March 22, 2019

Will D. Lindsay was a devoted husband, a dedicated father, and a generous, trustworthy and reliable friend. Will loved to fish, hunt, golf, and construct anything he could using his hands. He had a career that would live on in all that met him and served beside him. His family was the most important part of his life and only those closest to him had the honor of seeing what an incredible man he was when the beret came off.


His roots run deep in Cortez; he grew up with amazing parents that helped him find his path as well as guide him into the military. His two older brothers, Levi and Cole, were there every step of the way as they grew up doing all the things that 3 boys could think of to do. Trouble wasn’t hard to find between the three of them, their two cousins who lived next door, and the canyon behind the house.

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Will always knew he was made to be a Green Beret, and it was not long until he took that challenge like every other challenge he faced: head on with a dip in his mouth and a scotch to drink in celebration at the end. He found his SF family here in Colorado Springs and stuck with his friends from the Q course through marriage and children. The friendship he had with these men was meant for a lifetime and they will forever be here to make sure all of his stories will be told, laughed about, cried over, and cheers’ to.


Will and Sarah met in 2008 and knew it was meant to be, as they discussed all the lifelong questions over a breakfast at Ihop. It was not long after that Will deployed, and Sarah was left living through her first deployment. She told him she would never accept a proposal over the phone, get married on a beach or marry him as soon as he returned. However, 3 days after he returned, on April 11th, 2010 they married on the beach. Life was busy as it is for most military families. They had their first daughter, Scotlynn in 2011 and moved to North Carolina in 2012. Soon came daughter number 2; Evelyn was born in 2013 and shortly after that they were back in Colorado. They were so happy to be back and close to family again. As life does, things moved on, deployments became normal and in 2017 they welcomed 2 more daughters to the family, Gracelyn and Richlynn. Now a family of 6, they were complete. Shortly after the twins were born, Will deployed for his last time, and was killed days before his twins turned 2.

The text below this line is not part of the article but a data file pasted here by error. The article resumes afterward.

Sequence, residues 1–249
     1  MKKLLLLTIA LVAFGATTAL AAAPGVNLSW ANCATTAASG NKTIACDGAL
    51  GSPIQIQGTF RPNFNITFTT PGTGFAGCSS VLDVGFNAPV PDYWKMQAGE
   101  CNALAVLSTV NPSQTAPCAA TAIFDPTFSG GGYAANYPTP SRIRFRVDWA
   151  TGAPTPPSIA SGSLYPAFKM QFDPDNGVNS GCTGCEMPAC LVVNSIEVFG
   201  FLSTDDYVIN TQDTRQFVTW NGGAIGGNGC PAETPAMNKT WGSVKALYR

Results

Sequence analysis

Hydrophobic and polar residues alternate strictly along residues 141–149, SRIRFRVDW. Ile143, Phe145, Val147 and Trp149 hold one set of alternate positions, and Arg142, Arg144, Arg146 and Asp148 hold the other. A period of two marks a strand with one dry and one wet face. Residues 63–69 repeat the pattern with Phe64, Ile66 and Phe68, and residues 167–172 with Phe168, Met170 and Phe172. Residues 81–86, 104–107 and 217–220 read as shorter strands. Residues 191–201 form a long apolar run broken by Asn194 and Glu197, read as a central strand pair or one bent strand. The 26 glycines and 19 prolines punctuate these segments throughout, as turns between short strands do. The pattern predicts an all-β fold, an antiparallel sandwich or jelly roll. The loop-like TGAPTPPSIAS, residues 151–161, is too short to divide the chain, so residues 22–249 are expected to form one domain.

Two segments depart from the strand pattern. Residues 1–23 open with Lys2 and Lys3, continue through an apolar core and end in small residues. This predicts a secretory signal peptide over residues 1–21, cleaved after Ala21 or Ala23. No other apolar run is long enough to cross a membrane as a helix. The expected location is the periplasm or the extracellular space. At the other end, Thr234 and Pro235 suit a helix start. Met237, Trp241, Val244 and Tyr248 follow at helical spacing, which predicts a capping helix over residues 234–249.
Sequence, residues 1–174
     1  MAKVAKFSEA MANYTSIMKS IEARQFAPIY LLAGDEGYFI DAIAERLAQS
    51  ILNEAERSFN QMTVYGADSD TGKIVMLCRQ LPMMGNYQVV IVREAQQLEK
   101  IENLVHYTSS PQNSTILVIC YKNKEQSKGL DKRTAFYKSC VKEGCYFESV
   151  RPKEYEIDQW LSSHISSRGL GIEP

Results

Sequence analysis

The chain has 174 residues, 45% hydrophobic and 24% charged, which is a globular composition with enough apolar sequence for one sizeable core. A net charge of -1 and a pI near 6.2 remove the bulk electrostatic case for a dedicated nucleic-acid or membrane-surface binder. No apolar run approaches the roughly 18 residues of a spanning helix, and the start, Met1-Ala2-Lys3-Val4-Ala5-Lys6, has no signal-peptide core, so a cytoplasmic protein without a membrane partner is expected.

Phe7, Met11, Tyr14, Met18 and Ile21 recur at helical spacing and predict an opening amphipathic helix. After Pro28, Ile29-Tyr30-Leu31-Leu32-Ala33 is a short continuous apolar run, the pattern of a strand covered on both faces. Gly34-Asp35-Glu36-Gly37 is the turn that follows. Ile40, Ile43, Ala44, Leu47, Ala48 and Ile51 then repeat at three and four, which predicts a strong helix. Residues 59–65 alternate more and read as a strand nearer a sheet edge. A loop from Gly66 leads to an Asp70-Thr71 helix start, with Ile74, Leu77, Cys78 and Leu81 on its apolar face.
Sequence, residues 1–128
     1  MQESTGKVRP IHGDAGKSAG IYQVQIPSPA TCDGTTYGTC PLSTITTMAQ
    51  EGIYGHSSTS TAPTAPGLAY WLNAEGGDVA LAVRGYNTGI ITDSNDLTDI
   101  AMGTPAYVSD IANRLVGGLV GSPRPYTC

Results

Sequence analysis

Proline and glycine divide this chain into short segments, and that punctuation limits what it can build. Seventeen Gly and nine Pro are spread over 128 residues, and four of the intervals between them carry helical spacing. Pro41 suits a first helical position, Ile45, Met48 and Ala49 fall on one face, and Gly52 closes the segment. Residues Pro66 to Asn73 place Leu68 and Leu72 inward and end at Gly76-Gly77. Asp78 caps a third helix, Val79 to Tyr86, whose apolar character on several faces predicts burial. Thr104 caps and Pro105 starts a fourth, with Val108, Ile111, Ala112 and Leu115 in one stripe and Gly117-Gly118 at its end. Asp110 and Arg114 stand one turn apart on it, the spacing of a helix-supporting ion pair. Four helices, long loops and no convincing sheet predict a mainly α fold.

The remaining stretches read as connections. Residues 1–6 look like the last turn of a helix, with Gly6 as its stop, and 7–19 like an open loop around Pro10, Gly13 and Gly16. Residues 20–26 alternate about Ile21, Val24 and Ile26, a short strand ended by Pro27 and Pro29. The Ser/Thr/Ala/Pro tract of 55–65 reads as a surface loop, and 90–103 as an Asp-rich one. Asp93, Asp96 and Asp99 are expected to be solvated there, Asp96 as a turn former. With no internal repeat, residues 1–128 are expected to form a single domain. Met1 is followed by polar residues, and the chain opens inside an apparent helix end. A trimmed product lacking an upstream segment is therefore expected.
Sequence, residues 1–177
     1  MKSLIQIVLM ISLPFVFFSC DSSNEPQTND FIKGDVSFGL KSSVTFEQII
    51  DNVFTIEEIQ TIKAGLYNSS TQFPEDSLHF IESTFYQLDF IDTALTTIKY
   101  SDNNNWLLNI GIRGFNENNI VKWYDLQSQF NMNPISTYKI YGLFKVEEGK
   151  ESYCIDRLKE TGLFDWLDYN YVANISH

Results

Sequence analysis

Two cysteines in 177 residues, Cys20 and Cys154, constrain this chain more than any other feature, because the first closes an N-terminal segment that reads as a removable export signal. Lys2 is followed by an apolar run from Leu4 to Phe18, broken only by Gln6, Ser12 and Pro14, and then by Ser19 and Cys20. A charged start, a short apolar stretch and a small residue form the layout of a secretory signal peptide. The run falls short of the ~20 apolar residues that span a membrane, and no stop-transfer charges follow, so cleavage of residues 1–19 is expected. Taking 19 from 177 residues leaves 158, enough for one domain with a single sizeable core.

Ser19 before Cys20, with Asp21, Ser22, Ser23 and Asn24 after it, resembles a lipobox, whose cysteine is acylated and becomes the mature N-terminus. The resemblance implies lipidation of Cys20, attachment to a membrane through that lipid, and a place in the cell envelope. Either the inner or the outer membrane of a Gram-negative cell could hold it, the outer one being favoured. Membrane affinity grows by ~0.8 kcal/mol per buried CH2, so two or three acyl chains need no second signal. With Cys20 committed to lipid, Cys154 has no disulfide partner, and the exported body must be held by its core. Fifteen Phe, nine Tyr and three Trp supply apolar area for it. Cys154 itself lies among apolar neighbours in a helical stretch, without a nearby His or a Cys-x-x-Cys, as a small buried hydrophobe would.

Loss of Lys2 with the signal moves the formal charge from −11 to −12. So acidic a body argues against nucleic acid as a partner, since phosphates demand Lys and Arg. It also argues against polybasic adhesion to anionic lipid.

At home, Will was an amazing husband and father, he found a perfect balance of love for his work and country and was able to leave that all behind at work each day and walk in the door to be a husband and dad. In his free time, he loved to be with his girls. He would always admit they were his greatest accomplishment and he showed it by spending as much time as he could with them. He loved bath time when he could splash around and make them laugh so hard that the girls didn’t want to get out of the tub. He stopped whatever he was doing to make sure he could crawl up into their bunkbeds to read them their bedtime story, even if he was the first to fall asleep.  Frequently, he could be found baking in the kitchen with his daughters some extreme dessert where he claimed he was just “throwing things together,” building whatever his wife found on Pinterest in the garage or taking apart a gun to clean and then reassemble for the 100th time. His talents can still be seen throughout the house: from the bunkbeds his daughters sleep in, to the porch swing his wife spends her quiet moments on, and the basement he worked on to finish himself.


As a husband Will was the one and only for Sarah. He left her notes around the house for her to find while he was gone, drew cute cartoons of them on her takeout boxes from restaurants, and always held her hand, opened doors for her, and danced with her in the kitchen. Whatever he put his heart into, he did it perfectly. This is exemplified throughout his marriage, his children, his friends, and his career. He truly made every aspect of what he was a part of, better.  He will forever be cherished and missed. De Opresso Liber.


Deployments: 5 times to Iraq,1 time to Tajikistan,1 time to Afghanistan


Awards: Silver Star Medal, Bronze Star Medal with 4 Oak Leaf Clusters, Purple Heart Medal, Meritorious Service Medal with 1 Oak Leaf Cluster, Army Good Conduct Medal with three knots, National Defense Service Medal, Global War on Terrorism Service Medal, NCO Professional Development Ribbon with numeral four, Army Service Ribbon, Overseas Service Ribbon with numeral two, NATO Medal, Special Forces Tab, Combat Infantryman Badge, Military Free Fall Jumpmaster Badge, Master Parachutist Badge and Senior Instructor Badge. His foreign awards include the Chilean Airborne Wings.  His unit awards include the Presidential Unit Citation, Valorous Unit Award and the Meritorious Unit Commendation with 2 Oak Leaf Clusters, and the Army Superior

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